Goals Can Be Overrated
Legendary NCAA Coach John Wooden would agree.
Lynn Guerin and Jason Lavin's Coach 'Em Way Up: 5 Lessons for Leading the John Wooden Way, is out now from Entrepreneur Press. Purchase it via Amazon | Barnes & Noble | IndieBound | Bookshop | Entrepreneur Press.
It’s the first quarter of the year. The C-levels are meeting, and there’s an elephant in the room: “It’s already February. We need to set goals for 2021. Let’s look at last year’s goals. Did we meet them? Did we stick to them? Does everyone in this room even remember them? Do our employees know what they were, and did everyone buy in?”
If the answer is no to one or several (or all) of these questions, you’re not alone. The good news is, goals can be overrated. As James Clear says in his bestselling book, Atomic Habits, “Forget about goals. Focus on systems instead.” After all, if every team’s goal is to win the championship, then certainly the goal is not what differentiated the winner.
Enter Coach Wooden’s Pyramid of Success
No one knew the above better than John R. Wooden, the greatest NCAA basketball coach of all time. Coach Wooden won more NCAA basketball championships than any other coach in history (an unfathomable 10 in 12 years), but never had the goal of winning them. Instead, he focused on the day-to-day behaviors and system that would yield such an outcome. He called this system the Pyramid of Success.
The Pyramid of Success highlights 25 behaviors that everyone in your company can agree to and work on daily. Add Coach’s system to your day, week, month and year, and watch out — results will come. Here’s how to get started.
Focus on values and behaviors
Rather than aligning your organization around goals, align with your organization’s core values. Then lay out daily, agreed-to behaviors that will allow your team to live by them.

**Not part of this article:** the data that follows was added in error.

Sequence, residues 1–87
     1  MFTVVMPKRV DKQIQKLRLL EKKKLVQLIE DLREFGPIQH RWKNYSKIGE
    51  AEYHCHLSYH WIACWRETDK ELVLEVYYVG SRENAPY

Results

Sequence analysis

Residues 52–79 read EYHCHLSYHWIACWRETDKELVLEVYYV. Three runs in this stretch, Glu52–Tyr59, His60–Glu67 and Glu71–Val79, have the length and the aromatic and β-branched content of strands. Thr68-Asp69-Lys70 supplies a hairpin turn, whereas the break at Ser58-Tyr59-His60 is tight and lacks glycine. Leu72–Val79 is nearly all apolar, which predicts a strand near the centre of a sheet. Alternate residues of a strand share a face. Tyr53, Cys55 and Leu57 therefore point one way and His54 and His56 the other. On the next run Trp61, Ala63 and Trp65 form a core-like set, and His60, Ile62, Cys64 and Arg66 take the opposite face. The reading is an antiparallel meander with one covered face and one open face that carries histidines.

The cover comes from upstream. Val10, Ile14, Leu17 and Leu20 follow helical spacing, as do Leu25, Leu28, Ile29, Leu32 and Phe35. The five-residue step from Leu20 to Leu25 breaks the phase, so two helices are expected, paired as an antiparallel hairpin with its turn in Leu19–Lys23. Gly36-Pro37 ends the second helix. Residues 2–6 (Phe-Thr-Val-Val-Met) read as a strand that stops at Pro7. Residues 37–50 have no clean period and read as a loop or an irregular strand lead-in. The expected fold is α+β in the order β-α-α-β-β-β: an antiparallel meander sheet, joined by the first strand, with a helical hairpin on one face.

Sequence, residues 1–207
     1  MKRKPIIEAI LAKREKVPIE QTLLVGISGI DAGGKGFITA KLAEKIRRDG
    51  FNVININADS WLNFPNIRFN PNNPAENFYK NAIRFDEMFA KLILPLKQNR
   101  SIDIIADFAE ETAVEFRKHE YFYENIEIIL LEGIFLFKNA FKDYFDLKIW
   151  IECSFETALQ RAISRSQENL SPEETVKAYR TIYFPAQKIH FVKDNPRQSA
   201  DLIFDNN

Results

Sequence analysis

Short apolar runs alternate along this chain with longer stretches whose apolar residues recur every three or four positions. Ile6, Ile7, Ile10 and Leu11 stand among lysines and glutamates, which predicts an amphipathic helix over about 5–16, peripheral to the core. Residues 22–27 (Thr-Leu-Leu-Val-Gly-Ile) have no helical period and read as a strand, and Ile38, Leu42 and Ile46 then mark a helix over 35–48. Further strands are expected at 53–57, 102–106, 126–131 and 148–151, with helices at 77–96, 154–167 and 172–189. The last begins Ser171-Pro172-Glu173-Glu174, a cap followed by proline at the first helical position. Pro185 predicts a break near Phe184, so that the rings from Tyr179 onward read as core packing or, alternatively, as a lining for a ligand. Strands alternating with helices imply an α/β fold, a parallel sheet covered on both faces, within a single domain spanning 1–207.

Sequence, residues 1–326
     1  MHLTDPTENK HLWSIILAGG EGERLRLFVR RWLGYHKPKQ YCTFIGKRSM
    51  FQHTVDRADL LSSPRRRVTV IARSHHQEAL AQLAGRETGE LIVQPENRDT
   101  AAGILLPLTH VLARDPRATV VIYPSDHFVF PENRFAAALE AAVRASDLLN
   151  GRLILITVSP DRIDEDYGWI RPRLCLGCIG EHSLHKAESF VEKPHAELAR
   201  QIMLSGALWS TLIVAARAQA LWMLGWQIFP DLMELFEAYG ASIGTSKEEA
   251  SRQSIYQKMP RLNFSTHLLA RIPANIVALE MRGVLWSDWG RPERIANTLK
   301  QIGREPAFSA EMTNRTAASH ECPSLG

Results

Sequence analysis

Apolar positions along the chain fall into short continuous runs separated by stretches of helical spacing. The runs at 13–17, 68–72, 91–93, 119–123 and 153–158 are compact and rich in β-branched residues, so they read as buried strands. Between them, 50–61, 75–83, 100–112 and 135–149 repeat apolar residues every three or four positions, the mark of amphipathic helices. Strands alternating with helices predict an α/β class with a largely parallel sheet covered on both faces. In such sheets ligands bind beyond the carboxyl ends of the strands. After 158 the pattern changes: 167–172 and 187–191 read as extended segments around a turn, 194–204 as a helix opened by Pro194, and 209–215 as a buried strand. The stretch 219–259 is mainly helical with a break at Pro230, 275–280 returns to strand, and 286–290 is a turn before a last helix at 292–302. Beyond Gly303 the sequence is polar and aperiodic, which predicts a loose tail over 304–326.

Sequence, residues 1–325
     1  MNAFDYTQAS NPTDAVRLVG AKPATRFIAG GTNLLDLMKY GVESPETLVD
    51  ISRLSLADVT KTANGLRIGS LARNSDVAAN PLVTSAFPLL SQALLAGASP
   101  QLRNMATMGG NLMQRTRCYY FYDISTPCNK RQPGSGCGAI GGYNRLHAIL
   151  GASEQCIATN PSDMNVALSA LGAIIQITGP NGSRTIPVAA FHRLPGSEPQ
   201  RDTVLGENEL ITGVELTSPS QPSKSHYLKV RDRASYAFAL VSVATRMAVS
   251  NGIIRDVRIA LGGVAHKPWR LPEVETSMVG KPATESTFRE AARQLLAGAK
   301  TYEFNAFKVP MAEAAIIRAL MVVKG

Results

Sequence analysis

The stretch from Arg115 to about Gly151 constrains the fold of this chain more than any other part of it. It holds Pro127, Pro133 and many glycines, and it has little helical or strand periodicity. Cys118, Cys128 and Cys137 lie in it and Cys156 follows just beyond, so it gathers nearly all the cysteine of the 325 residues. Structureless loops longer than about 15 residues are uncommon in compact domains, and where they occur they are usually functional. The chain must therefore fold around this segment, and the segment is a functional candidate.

For example, at my company, GoldenComm, we decided upon six core values: service, business acumen, grit, technical ability, transparency and hard work. Daily team activities point to each of these core values and are part of every employee’s annual peer review.
For instance, for our core value of “service,” daily activities include:
- Motivating and inspiring others with enthusiasm
- Looking for ways to help others
- Sharing knowledge
- Knowing how to disagree without being disagreeable
- Making customers (and teammates) feel like you’re on their side
By not focusing on the goal (such as a revenue goal or customer service metric), you can see how employees have something they can strive for, and hit, every day.
“Make every day your masterpiece.” – Coach Wooden Maxim
Can you see how this might produce better results than quarterly or annual goals alone?
Tie these values and behaviors into your peer-review system
At GoldenComm, every employee gets at least one peer review each year. The process is simple: The employee is asked to identify three people who would be good evaluators of the employee’s work behavior. Management looks at these three people and chooses at least two of them (or sometimes all three of them) to perform the peer review. We then add another person (or two) to make a total of four. The review is anonymous, so all the employee knows is that at least two of the four peers are people he or she actually chose.
The employee’s peers rank each of the agreed-to behaviors on a scale of 1 (below average) to 5 (the standard or benchmark to be equaled). The employee ranks themselves on the same agreed-to behaviors using the same scale.
We tally the peer scores and compare them to the self-scores. This valuable feedback loop gives us a jumping-off point on what the employee is doing well and where there’s room to improve. It also gives employees the opportunity to see if the perception of their behavior fits with reality or at least reality in the eyes of their teammates.
The bottom line
Yes, goals are good for direction. Goals are relevant and worth posting to show where the company is headed. But when it comes to every employee in your company and what to work on every day, turn to Coach Wooden’s wisdom: “It’s the little details that are vital. Little things make big things happen.”
Jason Lavin is a coach, speaker and CEO with more than 25 years of experience enhancing the performance of individuals, teams and organizations. As president of The John R. Wooden Course and CEO of Golden Communications, Lavin helps organizations — from youth sports teams to Fortune 100 companies — refine their values, mission and vision. Learn more at CoachEmWayUp.com.
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